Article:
[Image source: Webflow]

This post presents a concept of a visual game localization app and was inspired by a publication by Vlad Magdalin of Webflow.



Unlike web designers who now can build websites from scratch visually, without a line of code, video game localizers still work in the black and white of their translation tools, without visual clues.


Hopefully, this post will inspire someone to create a WYSIWYG or visual translation app.
First, let’s take a look at how other creatives work.


Web Designers

Can see their design, real time
webflow visual design editor


Web Developers

Can see right away the violin is white where it needs to be brown


Digital Magazine Designers

Can read a magazine at work


Copywriters, bloggers

Markdown on the left, live preview on the right
Ghost blog


Modern Bloggers

Need to have a basic design sense and see live design preview

Sound Designers

Can hear audio output, they don’t guess how that beat feels in a song
Flux FX editor

Flux FX

Vloggers, YouTubers

Use their cameras’ front/flip screen to keep their handsomeness in check (and shoot a crisp picture for us)
Casey Neistat gear flip screen

Casey Neistat

Game Character Designers

Know their character’s inner thoughts and even can see it in context of the game

3D Animators

Can make a timid eye contact with their furry character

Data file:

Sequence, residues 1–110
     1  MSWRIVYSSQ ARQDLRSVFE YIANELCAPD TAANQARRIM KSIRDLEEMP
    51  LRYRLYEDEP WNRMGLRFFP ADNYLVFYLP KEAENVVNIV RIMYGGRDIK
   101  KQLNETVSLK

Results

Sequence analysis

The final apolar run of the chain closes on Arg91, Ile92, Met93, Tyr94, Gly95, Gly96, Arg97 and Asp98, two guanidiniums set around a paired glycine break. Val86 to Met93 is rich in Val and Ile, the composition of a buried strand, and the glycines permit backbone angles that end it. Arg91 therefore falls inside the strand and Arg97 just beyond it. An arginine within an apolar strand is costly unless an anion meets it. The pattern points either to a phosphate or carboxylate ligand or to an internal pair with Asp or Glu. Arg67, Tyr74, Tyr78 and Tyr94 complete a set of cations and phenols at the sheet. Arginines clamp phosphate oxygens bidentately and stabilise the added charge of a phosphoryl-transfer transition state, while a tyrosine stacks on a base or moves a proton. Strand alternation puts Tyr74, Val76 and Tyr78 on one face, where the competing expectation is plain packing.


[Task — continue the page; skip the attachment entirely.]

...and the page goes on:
Autodesk Maya

Autodesk Maya

3D Modeling Artists

Will know right away if one eye of the lizard is missing or something hasn’t been transl… created
Cheetah 3D

Cheetah 3D


First, build computer models, then construct buildings (because any reworking would be way too costly)



Video Game Localizers

Have no clue how long their translation is allowed to be, nor whether “psychic attacks” requires following plural rules, nor what “perfect size” refers to:

SDL Trados

In the best of cases, their tool allows to see where the original string appears in the game (but no way to see the translation):

Sony LAMS (source)

Concept Visual Localization App

In the mockup below, it’s clear to the localizer that the cat-boy speaks about the hat. Now, the localizer can play with this string (the impersonal “it” can be replaced with “the hat”) to make it the sweetest line it can be — since clearly there’s plenty of room on the screen:

Looks like regular subtitling software… But it’s so much more — it’s that futuristic, hi-tech, yet to be invented visual localization app

Today, it seems only back-end devs, unicorns (designers who code), and game localizers are forced to work in the spartan beauty of their text-based UIs.

Dev’s code soup vs. localizer’s tag/placeholder soup

But the real problem being the strings that are taken out of context.
Localizers are never fully sure about the success of the whole effort—until all the job will be compiled for a test run (and more reruns) and debugged.

Visual video game localization is not genome sequencing. The technology is there, somewhere, one needs to simply start building

Such app will simplify testing/QA and will help avoid issues like the ones below: